Handel defeats Ossoff in most expensive House race in history

By Ray Downs  |  Updated June 21, 2017 at 6:30 AM
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June 20 (UPI) -- Republican Karen Handel defeated Democrat Jon Ossoff in the most expensive congressional election in U.S. history to replace former Georgia Rep. Tom Price, who joined the Trump administration.

Together, the campaigns spent more than $55 million, with Ossoff outspending Handel by roughly $25 million. But despite his vast support from the Democratic Party and online popularity, including celebrity endorsements from people like actress Alyssa Milano, Ossoff did not beat Handel in Georgia's 6th District, which has belonged to the GOP since 1979.

Ossoff, a 30-year-old political newcomer who attained nearly 50 percent of the vote in a runoff against three Republicans, including Handel, captivated Democrats who believed he had a chance to rise a perceived wave of anti-Trump sentiment.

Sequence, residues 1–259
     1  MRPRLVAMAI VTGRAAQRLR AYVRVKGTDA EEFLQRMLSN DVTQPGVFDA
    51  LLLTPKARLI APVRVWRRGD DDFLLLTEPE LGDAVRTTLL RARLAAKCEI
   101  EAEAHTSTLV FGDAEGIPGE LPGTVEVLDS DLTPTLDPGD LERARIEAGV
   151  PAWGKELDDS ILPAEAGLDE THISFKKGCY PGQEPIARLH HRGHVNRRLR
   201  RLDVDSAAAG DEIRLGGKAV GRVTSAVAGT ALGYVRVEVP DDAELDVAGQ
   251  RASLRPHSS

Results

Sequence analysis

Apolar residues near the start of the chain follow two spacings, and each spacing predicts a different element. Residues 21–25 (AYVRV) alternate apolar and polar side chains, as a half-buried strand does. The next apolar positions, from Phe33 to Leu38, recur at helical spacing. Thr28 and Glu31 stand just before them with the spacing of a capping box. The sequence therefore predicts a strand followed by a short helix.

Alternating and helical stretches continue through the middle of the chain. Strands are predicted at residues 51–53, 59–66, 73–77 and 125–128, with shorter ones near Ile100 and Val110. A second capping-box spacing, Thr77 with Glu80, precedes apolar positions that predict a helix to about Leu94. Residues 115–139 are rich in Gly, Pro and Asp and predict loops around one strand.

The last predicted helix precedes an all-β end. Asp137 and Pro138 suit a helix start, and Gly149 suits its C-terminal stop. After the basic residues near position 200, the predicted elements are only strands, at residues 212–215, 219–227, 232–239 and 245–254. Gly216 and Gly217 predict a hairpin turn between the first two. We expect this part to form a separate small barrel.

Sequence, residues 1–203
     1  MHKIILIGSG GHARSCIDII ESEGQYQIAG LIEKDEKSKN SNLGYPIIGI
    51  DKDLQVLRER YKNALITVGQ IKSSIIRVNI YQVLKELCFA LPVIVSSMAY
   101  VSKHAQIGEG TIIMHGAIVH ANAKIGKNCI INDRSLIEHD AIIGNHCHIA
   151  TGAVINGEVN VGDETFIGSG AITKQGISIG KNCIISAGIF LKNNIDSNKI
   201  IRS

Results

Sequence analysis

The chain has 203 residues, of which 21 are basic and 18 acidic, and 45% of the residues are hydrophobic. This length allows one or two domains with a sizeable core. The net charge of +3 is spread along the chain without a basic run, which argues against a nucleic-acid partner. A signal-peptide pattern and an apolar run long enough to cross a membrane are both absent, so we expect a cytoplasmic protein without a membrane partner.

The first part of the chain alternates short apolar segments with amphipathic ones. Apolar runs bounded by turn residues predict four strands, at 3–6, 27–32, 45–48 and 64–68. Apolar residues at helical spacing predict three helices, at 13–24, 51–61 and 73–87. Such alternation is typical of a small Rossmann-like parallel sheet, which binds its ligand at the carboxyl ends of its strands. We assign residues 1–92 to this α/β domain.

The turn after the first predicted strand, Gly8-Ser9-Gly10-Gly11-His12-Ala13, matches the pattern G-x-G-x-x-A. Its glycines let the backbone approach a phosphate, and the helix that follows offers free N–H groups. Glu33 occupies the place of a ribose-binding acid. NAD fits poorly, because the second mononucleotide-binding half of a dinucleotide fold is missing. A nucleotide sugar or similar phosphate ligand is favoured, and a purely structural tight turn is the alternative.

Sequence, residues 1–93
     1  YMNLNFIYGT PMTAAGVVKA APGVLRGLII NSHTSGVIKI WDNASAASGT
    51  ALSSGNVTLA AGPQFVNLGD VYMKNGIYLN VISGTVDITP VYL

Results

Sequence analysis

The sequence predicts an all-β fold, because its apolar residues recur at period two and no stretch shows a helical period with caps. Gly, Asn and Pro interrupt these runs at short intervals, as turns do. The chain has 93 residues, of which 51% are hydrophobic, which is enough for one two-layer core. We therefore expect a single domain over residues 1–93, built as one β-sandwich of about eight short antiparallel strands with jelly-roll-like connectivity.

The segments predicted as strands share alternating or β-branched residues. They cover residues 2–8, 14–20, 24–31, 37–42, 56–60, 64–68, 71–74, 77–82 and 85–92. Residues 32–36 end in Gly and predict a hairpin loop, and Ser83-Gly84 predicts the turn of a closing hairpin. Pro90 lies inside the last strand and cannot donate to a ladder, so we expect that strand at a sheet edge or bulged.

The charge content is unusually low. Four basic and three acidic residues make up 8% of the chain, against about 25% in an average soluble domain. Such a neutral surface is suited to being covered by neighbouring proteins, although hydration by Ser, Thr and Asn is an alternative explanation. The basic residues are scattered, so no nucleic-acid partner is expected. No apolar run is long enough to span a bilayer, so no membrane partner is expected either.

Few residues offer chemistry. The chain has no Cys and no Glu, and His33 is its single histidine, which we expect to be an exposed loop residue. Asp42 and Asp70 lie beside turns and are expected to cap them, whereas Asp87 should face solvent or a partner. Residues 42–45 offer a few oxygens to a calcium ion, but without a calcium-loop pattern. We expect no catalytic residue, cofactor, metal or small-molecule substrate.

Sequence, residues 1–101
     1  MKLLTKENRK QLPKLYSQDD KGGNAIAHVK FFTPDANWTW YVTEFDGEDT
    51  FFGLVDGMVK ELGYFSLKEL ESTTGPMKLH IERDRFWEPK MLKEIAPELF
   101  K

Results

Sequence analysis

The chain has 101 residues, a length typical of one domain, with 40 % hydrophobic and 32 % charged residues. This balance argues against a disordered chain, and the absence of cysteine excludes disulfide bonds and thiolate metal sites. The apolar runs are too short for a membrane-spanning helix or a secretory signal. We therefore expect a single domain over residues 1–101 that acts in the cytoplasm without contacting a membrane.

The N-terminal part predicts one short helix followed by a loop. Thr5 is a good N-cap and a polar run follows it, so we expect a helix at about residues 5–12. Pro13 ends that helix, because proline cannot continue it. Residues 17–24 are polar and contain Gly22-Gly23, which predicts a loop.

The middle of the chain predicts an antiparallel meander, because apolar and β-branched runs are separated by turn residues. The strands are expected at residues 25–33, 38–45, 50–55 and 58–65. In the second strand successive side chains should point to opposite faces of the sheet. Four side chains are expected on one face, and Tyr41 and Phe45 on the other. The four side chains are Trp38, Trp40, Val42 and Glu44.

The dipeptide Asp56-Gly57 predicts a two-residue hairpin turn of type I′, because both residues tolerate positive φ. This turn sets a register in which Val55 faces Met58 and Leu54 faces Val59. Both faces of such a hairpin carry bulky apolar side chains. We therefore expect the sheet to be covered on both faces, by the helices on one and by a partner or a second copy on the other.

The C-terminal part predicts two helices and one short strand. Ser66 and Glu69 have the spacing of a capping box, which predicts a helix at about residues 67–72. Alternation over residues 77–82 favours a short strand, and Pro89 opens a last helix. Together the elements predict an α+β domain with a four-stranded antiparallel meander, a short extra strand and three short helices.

It looked like Ossoff had a chance. In polls running up to Tuesday's election, Ossoff was neck and neck with Handel. But the spirited and well-funded campaign failed to fend off Handel, an experienced 55-year-old Georgia politician who served as Georgia's secretary of state between 2006 and 2009, in addition to running failed campaigns for governor and senator.

The high-dollar contest was fueled by super PACs and other outside groups, which accounted for $26.2 million of the overall cost, with Handel raking in the bulk of it at $18.2 million, compared to Ossoff's $7.6 million.

Many of these groups were from out-of-state, a reflection of how much attention the race received nationwide. According to the Center for Public Integrity, five of 42 groups that donated to the campaigns were from the state of Georgia.

Ossoff received much more than Handel when it came to individual contributions, although most of it was also from out of state.

Ossoff took in $8 million from individual contributions, compared to Handel's $2.1. But most of Handel's individual donations came from Georgians, while Ossoff received more donations from California and New York than from his home state.

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